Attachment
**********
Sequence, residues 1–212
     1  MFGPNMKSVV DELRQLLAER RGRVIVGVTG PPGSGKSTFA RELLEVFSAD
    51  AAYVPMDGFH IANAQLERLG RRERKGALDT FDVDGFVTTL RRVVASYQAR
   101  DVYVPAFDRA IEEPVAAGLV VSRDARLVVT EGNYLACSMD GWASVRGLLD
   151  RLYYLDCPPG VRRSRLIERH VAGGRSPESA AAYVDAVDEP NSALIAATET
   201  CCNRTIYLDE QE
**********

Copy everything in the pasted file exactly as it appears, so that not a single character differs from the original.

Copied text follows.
Sequence, residues 1–212
     1  MFGPNMKSVV DELRQLLAER RGRVIVGVTG PPGSGKSTFA RELLEVFSAD
    51  AAYVPMDGFH IANAQLERLG RRERKGALDT FDVDGFVTTL RRVVASYQAR
   101  DVYVPAFDRA IEEPVAAGLV VSRDARLVVT EGNYLACSMD GWASVRGLLD
   151  RLYYLDCPPG VRRSRLIERH VAGGRSPESA AAYVDAVDEP NSALIAATET
   201  CCNRTIYLDE QE